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The Appalachia Issue

Ten Years' Bad Luck

I lived in Columbus most of my life, though I was born down here in Kentucky. I moved back up here four years ago to help my dad. He lives next door. He's getting a little older-you know how that gets.

Photo by Jerry Hsu

I finally got me a trailer. It burnt down on me last year and I lost everything. A bad heater started the fire. I had me a big old porch there and everything. It burnt completely to the ground. I was away at work. I came back home about 10 o’clock and it was all in flames. It was on the worst day. There was ice so the fire trucks couldn’t even get in. These trailers go up real quick. They’re made of thin, thin wood—it’s two-by-twos instead of two-by-fours—and no drywall. That porch out back there, I’d worked on it for three years. I was proud of that. It was big—a monster! It had seats built in and everything. But I lost it all.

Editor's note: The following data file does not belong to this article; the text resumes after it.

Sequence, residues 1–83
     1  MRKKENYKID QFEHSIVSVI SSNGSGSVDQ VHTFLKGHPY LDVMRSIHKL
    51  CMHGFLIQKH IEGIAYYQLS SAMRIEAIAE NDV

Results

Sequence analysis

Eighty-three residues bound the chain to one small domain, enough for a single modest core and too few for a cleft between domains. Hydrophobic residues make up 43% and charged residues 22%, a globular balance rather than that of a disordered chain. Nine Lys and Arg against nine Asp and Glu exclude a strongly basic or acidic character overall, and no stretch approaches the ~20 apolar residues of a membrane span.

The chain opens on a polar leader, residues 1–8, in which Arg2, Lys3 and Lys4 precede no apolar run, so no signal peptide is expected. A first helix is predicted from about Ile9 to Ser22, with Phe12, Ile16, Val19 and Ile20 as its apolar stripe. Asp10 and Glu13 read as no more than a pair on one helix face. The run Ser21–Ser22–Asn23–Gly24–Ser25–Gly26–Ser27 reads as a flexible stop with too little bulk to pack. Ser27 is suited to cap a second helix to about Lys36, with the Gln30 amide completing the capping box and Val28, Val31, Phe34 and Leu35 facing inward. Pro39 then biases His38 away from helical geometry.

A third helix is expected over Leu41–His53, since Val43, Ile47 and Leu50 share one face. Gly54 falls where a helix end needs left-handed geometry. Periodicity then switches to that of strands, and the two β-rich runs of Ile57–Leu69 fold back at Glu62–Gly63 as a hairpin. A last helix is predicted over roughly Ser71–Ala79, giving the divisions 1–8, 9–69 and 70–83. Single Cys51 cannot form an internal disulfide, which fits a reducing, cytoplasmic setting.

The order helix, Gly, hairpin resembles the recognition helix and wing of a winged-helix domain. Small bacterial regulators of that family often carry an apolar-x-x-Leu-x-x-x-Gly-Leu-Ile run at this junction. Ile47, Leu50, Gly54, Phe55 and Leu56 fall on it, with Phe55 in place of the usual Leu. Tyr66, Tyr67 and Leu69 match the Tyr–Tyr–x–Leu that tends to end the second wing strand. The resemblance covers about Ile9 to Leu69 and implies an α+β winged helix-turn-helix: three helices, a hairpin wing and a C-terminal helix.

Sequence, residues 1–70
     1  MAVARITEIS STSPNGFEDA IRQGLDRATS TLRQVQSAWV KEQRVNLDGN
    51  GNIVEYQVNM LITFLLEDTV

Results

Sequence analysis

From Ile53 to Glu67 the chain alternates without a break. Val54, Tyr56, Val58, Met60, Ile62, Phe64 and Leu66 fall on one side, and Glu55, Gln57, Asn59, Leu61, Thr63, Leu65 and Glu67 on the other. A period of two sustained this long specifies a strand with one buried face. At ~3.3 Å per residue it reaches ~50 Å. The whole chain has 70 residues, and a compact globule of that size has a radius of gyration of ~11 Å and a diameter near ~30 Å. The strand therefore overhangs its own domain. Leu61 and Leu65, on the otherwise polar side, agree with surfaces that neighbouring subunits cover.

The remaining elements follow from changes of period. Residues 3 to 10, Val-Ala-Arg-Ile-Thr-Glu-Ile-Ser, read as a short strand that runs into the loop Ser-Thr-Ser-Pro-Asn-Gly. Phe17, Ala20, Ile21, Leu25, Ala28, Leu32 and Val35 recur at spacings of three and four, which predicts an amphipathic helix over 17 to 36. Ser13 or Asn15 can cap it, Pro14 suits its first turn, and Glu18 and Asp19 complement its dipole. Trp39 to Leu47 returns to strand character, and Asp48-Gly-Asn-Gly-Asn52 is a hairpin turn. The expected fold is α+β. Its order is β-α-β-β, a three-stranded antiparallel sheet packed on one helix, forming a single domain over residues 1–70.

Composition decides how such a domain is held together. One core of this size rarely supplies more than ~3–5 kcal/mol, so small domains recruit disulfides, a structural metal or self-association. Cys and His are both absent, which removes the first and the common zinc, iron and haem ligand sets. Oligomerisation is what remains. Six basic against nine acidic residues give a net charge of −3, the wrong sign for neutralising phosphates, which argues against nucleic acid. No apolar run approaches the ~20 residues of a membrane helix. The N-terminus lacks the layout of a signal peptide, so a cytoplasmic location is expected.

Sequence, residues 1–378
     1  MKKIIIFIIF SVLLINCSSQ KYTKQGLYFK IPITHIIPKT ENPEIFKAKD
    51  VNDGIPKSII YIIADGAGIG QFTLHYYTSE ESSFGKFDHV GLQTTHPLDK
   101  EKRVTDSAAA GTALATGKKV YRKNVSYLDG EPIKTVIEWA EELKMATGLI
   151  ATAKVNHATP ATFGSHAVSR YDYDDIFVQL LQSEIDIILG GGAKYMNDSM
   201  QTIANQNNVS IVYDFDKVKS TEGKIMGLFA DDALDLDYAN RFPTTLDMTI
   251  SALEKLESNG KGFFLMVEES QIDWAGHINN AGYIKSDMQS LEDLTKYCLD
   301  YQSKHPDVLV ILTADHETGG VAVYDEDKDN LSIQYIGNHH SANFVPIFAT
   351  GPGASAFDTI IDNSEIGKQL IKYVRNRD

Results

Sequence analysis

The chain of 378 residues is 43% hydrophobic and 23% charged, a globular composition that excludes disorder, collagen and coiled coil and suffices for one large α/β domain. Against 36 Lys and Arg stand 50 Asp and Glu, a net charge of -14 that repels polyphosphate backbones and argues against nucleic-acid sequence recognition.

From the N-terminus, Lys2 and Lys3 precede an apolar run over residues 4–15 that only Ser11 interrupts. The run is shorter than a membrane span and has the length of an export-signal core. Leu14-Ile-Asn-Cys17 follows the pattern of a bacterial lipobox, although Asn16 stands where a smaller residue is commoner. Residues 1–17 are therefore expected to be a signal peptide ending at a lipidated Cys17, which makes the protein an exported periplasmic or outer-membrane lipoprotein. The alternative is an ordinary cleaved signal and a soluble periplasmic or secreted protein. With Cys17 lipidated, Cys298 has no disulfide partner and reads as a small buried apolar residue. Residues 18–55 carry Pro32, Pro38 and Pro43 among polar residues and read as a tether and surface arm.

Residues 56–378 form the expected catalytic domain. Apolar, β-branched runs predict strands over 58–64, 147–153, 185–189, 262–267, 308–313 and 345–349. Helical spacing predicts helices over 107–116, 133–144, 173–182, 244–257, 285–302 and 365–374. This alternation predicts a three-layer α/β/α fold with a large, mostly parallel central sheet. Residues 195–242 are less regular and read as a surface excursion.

So I went back to Columbus again, and I suffered. I didn’t have no home or nothing. There wasn’t hardly no work either. I was staying with my mom or my kids there. We ran across this trailer here for $1,500. We all got together and the family helped us with the money. We got back down here and there was nothing here. The floors were falling in and all. But I knew I could try to get it good. Photo by Patrick O’Dell I can’t hardly work no more. All my life I hung drywall. All my life, that’s all I did. You carry the drywall on your head and it smashes your neck down. I don’t get benefits, but I’m working on it. I got to go see a bone specialist or something. It’s a long process, but I got a paper saying it’s a disease and my neck’s deteriorating and all that. We get our electricity from next door. We run a power cord over from my dad’s trailer. We just need to go easy on it. We use a couple lights and the TV. We just got our water working now, but for a long time we had to run a hose from the yard up through the kitchen window. For four years, I never had a stove. Just now, we got our new stove. Before that we were using electric skillets. Now I got my first stove and my first propane tank in my life. It’s our first heat ever in this house! Everything’s coming together. The last ten years of my life were the worst, but the last year of my life has been the best. I’m coming back from what I lost. This is a small community here, but there’s not enough work for everybody. The coal industry is a big job, and one of the major jobs out here is being a coal driver. But it’s hard. It’s a poverty community. But you know, it’s beautiful out here. Peace, quiet, the mountains… I been fighting for years just to stay here. I got things to work on, but overall I’m a super-good person. I don’t steal, I don’t cuss, I don’t lie. I try to help other people. I mow my dad’s grass even though it hurts my neck. ROGER MAYNARD